Excerpt from Hannah’s War

Thanks to Little, Brown for making this excerpt from Hannah’s War available to my readers.


They come for me at dawn, as I knew they would. I’ve slept in my clothes, and I ask if I may I step into my shoes. They allow that, but nothing else. He tells me to go outside, and I do. Parked on the dirt road between my barracks and the laboratory is a vehicle the Americans quaintly call a “paddy wagon,” an absurdly chipper term for the dank iron trolley that will transport me from Los Alamos to the prison at Fort Leavenworth, where I will wait again (not for long, I fear) for my perfunctory trial and inevitable execution.

The chain reaction leading to my death has been accelerated by my own divided heart. I see that now in a way I never could when all was theory, white chalk on blackboard, equations like pale bones scattered across scorched earth. The man I shouldn’t have trusted latches the manacle around my wrist and fixes it to a hasp welded hard to the bench.

“I’ll protect you,” he says, with such earnestness it makes me smile.

“You’re lying again.”

He glances over his shoulder. Sufficiently assured that no one can see us, he takes my face between his hands. “I will protect you, Hannah. If I can.”

I think he might kiss me, but that would be a danger to both of us. He is a meticulous and cautious man by nature, skilled at the art of keeping secrets. Most lovers are. I have limited empirical evidence to support this hypothesis, having loved only two men, but both of them held truth at a safe distance. Safe for them, not for me. His promise of protection—however well intended—doesn’t comfort me. So I comfort myself with equations.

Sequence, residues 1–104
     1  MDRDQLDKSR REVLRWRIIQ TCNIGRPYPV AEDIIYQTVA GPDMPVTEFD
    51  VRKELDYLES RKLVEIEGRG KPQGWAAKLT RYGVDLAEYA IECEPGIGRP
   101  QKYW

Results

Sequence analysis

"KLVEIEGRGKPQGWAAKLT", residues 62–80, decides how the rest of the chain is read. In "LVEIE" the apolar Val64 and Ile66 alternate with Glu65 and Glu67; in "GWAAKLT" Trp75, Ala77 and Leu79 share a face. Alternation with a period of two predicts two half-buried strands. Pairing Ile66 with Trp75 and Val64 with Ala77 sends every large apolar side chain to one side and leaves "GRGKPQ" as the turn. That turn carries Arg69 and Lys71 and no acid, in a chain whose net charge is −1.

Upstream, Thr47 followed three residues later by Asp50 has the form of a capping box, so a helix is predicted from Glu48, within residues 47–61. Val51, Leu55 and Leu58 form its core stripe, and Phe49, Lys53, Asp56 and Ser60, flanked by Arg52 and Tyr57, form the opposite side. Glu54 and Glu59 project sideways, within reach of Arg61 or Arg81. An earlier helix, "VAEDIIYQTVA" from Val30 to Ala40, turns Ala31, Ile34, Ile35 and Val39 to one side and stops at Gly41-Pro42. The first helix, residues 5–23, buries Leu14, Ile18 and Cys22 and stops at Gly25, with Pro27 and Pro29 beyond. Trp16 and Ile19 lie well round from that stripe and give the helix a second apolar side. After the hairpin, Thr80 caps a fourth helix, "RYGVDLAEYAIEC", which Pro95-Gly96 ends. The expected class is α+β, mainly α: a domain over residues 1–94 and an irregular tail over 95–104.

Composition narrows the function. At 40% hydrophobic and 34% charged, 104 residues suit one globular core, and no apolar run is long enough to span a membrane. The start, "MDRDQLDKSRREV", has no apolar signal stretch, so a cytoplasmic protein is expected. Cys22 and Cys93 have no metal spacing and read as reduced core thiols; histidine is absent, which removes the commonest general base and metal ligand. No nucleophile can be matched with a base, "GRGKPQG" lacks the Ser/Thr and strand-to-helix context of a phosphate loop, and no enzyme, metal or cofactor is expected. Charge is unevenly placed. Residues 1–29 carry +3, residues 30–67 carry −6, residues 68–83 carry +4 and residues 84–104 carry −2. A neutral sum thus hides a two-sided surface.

The distance from the laboratories in Los Alamos, New Mexico, to the prison compound in Fort Leavenworth, Kansas, is 874 miles. We left when dawn was still a wishful glow behind

dark mountains. We are traveling, I estimate, at an average speed of forty-two miles per hour, allowing for stops—

Oh God. Will they stop? Will they allow me that simple comfort?

No. I won’t think about that. The equations. Stay with them. I drum the fingers of my free hand, playing an invisible keyboard, on the metal beside my legs. This is my habit when I run numbers, drumming my fingers on hard surfaces, desks, and tables. A distance of 874 miles at an average speed of 42 miles per hour creates a probability of 20.8095 hours of actual travel time, plus the approximately 27 minutes it would take for the MPs to force the paddy wagon to the side of the road, slide a bag over my head, and—

Stay with the equations.

“I will protect you, Hannah,” he said. “If I can.”

A distance of 874 miles, leaving at dawn, allowing for the variable If I can.